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Hungary

Hungary

Market Status: Hungary - Milestone reached and more beckons

HUNGARY: Wind power in Hungary is expected to grow further in 2010, after two new projects helped boost the country's total installed capacity by 74MW to 201MW in 2009.

The Hungarian Wind Energy Association (HWEA) expects installed capacity to rise another 130MW this year to reach the 330MW mark, the level at which licences were capped in a 2006 tender process. At the same time, a fresh round of tendering in 2010 is set to open up a possible 410MW in new wind capacity in coming years. That means 740MW could be operational in the not-too-distant future.

 

Local firm Euro Green Energy and Spain's Iberdrola Renovables were behind Hungary's 2009 capacity rise. Euro Green Energy used 2MW V90 turbines from Danish firm Vestas on its 24MW Bony installation. Iberdrola used 2MW Gamesa G90 turbines on its 50MW Kisigmand wind farm.

Iberdrola is almost certain to be the main force behind new capacity gains in Hungary this year, with plans to add 108MW. The firm announced in October that it has already begun construction of two additional wind farms in the same area as its Kisigmand plant: the 36MW Scott project and the 38MW Csoma I facility. Both will be composed of 2MW Gamesa turbines. Gamesa and Vestas have a complete stronghold on the Hungarian turbine market, commanding nearly 80% between them (see graphic).

Market attention is largely focused on what could be installed past 2010 as the government focuses on its goal of achieving 920MW of installed wind capacity by 2020. To move closer to that goal, last August the government announced that in 2010 it would invite developers to tender for concessions totalling up to 410MW. While interest is expected to be keen - the previous offer of 330MW attracted 1.6GW of bids - the spectre of possible production cuts and financial conditions demanded in bids may dampen some of the enthusiasm.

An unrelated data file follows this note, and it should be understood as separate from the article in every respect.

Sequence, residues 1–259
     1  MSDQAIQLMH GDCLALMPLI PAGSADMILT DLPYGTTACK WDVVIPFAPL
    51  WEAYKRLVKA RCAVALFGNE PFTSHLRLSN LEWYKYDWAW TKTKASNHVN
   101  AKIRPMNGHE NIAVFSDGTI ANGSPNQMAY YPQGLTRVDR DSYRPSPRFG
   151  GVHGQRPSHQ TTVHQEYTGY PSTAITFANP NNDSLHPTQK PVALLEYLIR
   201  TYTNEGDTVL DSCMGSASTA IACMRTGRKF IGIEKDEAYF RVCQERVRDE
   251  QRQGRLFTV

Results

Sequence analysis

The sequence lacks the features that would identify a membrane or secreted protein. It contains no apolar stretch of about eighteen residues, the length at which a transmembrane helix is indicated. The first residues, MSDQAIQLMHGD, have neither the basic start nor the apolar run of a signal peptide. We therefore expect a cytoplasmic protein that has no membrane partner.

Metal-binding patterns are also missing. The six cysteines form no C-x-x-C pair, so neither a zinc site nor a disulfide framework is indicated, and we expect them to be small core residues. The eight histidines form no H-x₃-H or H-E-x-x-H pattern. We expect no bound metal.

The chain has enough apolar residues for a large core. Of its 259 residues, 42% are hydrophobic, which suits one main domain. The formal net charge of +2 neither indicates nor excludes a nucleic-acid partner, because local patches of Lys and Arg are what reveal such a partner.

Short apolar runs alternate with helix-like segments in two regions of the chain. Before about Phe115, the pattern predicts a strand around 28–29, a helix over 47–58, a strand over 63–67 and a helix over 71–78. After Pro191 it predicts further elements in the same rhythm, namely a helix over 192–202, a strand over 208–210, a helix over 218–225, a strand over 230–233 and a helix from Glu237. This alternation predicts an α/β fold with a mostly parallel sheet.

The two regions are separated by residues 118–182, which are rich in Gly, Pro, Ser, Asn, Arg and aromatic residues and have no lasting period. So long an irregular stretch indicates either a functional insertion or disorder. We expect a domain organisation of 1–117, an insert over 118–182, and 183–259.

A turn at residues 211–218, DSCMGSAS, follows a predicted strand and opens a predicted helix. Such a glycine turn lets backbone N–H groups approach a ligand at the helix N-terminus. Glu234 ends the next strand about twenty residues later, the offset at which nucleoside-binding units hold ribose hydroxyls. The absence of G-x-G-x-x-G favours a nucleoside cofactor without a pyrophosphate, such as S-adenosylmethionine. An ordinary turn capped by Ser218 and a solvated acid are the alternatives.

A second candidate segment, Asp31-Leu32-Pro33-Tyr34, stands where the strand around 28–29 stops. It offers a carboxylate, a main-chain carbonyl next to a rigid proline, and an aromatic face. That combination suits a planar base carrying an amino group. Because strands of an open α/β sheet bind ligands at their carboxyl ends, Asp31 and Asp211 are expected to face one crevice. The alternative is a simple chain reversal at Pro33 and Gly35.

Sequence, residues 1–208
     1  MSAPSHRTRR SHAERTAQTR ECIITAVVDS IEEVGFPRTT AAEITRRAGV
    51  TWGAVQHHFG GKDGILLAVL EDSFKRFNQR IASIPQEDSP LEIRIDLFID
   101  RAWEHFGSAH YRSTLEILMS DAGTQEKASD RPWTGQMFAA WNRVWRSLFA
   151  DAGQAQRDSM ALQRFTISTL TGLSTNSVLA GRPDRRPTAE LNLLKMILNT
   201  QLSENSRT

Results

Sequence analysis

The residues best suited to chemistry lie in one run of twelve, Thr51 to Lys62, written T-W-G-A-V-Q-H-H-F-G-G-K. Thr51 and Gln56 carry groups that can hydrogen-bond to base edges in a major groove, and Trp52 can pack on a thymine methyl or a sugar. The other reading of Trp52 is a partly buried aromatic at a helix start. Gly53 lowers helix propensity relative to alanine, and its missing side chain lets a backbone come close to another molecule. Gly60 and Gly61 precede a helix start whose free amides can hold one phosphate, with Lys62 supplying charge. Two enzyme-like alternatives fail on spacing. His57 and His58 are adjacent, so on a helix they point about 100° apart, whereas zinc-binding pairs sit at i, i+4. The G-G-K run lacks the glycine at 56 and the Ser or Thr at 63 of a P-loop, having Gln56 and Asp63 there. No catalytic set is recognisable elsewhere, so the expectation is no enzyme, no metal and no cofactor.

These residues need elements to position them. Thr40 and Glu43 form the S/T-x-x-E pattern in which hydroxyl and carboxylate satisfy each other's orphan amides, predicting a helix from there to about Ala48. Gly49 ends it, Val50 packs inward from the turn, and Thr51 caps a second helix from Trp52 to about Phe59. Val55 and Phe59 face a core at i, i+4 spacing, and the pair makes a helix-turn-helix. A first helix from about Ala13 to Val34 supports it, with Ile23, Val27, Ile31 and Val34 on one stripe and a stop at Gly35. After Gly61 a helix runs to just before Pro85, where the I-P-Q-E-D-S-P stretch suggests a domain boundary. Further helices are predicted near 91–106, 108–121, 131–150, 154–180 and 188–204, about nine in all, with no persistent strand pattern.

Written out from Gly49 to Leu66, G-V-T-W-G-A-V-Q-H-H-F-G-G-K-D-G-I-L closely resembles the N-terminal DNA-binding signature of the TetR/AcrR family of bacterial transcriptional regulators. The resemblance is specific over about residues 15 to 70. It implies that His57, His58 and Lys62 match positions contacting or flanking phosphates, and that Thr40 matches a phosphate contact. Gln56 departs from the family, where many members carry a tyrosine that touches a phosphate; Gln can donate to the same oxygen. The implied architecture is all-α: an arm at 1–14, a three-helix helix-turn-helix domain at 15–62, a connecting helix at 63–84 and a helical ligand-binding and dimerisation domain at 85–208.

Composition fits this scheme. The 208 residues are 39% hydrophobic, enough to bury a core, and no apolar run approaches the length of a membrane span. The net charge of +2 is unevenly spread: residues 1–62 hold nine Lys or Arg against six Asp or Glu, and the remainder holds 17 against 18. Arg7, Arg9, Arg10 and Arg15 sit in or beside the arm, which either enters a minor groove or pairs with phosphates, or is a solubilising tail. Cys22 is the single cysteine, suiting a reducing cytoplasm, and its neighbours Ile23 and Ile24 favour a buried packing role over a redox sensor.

"The 410MW was calculated on the basis of a number of studies, including that of the Hungarian transmission system operator (TSO), which provided this figure but also indicated there could be significant operational issues with 410MW," says Miklos Brazai, power and utilities manager for consultancy KPMG in Hungary. Furthermore, notes HWEA secretary Andrea Kircsi, TSO Mavir wants to be able to regulate wind farms remotely. "The criteria for when Mavir will switch off wind parks are not clear," Kircsi says.

The government is also asking bidders to compete on the price they expect to be paid for wind power when they submit tenders. This is different from the current support system in which all wind energy producers receive the same guaranteed purchase price, adjusted annually for inflation. The 2010 rate was HUF 29.28/kWh (EUR0.11/kWh). The time period for which this purchase price is received depends on a producer's agreement with the Hungarian Energy Office.

The first stage of the new tendering process, considered to be mainly an administrative check, is set to end on March 1. "The second stage involves bidding on the number of years of the feed-in tariff and the price," says Brazai. "Whoever requires a lower feed-in tariff is at an advantage, while a shorter time period is also better." Observers expect those assigned licences to be named some time this summer.

The concessions come in two portions. Bidders may submit for some 280MW of potential wind energy capacity that will be licensed off in the operating territory of electricity distributors Edasz and Emasz, in northern Hungary. The remaining 130MW of licences will be issued for projects in the south, to be sited in the operating territory of Demasz, Elmu and Titasz. "Some 95% of the existing wind farms are in the north-west near Austria and Slovakia, so we would expect big development in this part of the country," says Brazai. Less clear is potential interest in the 130MW that is opening up in the south.

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